Thursday, 23 September 2010

Finding Sky Review

I’ve been reading a lot of YA books about werewolves and angels recently (not together I hasten to add, although what an interesting combination that would be and as far as I know, has not yet been tried). As an honorary wolf girl AND Angel girl, this is fine but to be quite honest, I needed a break from these two themes and I found it in Finding Sky, a debut book by British author Joss Stirling.

I have to admit that at first I was nervous about picking this book up. Why I hear you ask. Well, the cover is beautiful so it wasn’t that. And the premise sounded fantastic so it wasn’t that either. It was for the simple reason that the author is British and I don’t have a great track record with British authors. I realise this makes me sound like a complete traitor and I don’t mean to be. There are of course exceptions to the rule - I really enjoyed By Midnight by Mia James and obviously classic novels such as Tom’s Midnight Garden, The Secret Garden and pretty much anything by Roald Dahl. Most British teenagers are fed on a diet of American TV shows like Gossip Girl, Glee and The Vampire Diaries. For me, it was more like My So Called Life, Dawson’s Creek and Roswell High. As a teenager, I was obsessed with moving to America and having an authentic “high school” experience. This is one of the things that intrigued me about the book because Finding Sky is about a teenage girl called Sky Bright (yes, she’s heard all the teasing remarks before) who moves from London, England to Colorado in the United States with her adoptive parents due to a job offer they couldn’t refuse. Of course it’s about much more than a British girl experiencing culture shock in another country; it’s about dealing with the past, finding out who you really are and accepting your fate.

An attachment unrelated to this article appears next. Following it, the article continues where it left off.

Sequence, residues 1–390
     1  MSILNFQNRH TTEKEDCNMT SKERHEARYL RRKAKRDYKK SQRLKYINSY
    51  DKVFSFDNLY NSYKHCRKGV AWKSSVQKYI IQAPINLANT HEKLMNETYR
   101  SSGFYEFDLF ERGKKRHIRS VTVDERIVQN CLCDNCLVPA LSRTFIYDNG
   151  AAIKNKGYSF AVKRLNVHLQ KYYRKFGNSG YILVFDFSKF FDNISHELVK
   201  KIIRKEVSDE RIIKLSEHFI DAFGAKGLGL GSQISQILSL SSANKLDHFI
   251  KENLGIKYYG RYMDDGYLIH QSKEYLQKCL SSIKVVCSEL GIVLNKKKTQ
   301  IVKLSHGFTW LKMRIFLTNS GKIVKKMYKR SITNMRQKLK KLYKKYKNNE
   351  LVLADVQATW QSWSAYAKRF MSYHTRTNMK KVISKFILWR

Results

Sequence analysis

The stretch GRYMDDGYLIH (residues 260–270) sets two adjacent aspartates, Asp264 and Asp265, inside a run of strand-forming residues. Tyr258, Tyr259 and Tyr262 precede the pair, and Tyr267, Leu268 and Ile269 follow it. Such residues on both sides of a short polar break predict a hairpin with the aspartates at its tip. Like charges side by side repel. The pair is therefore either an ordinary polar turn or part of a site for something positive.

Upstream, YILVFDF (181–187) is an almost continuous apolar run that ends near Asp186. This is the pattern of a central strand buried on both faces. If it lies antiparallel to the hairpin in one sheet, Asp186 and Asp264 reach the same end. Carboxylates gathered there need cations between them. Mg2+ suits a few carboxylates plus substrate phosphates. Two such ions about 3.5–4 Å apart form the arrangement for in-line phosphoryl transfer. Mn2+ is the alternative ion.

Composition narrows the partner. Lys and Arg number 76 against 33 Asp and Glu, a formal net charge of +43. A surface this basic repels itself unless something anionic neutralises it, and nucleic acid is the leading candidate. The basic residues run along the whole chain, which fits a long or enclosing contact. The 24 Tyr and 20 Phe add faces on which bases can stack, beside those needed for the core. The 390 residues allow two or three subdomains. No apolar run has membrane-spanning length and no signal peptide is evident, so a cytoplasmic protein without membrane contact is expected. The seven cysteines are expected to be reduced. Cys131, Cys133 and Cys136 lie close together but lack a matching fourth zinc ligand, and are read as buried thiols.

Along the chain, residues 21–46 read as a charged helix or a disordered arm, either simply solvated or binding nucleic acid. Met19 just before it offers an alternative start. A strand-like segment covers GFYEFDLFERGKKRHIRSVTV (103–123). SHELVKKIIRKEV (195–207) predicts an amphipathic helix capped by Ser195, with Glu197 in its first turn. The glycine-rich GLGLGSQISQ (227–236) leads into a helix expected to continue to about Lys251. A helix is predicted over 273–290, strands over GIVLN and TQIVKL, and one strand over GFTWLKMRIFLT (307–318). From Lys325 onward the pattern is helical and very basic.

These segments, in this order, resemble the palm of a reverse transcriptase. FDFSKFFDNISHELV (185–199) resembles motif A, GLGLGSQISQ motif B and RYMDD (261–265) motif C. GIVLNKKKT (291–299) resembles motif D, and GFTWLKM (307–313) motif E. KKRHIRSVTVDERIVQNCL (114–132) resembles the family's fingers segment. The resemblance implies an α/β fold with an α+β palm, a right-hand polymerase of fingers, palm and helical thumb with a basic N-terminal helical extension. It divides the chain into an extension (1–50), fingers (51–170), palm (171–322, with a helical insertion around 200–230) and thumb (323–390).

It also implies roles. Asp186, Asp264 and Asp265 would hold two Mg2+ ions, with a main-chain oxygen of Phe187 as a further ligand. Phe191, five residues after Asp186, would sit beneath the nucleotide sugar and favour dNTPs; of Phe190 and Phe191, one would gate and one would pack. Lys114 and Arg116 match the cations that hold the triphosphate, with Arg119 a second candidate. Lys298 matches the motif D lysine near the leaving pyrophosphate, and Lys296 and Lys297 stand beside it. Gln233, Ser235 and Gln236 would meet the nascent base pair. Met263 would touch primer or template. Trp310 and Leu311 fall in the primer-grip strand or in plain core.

To please the hopeless romantic in me, there was a love story with a touch of the supernatural (well sort of). Sky crosses paths with Zed Benedict, a boy with a bad attitude. Initially, they don’t seem to like each other but sparks fly after one particularly eventful incident that changes the way Zed looks at Sky. Zed confesses to being a Savant, someone with extra sensory abilities and claims that Sky is his soulfinder. The idea behind soulfinders is romantic to say the least. Although I can see why someone who doesn’t understand the concept might find it stifling. It’s a bit like being on a first date and asking how many kids you think you’ll have together, just slightly off putting for your date. I thought Sky’s reaction to this news was authentic and I loved how Zed’s character developed when Sky came into his life. Zed explains that he is a different person when he is left to his own devices, almost like he depends on Sky, his soul finder to make him whole, no to be a better man. His character shifts and he becomes a bad boy turned good which is just the kind of guy I like ;)

Sky definitely goes on a journey in this book as she unlocks the secrets to her past and learns to deal with the consequences of doing so. I would have liked to have seen her toughen up a bit and I think she does come out of her shell as the book progresses.

The idea behind Savants was interesting and not something that I’ve read about before in a YA paranormal book. They were nicely represented by the Benedict family and each family member had a different extra sensory gift. I LOVE, LOVE, LOVE the idea of telepathy and how it used in the book. How awesome would it be to speak to someone using only your thoughts, not only speak to them but hear their replies?! I loved this concept in Raised by Wolves by Jennifer Lynn Barnes and I loved it here too.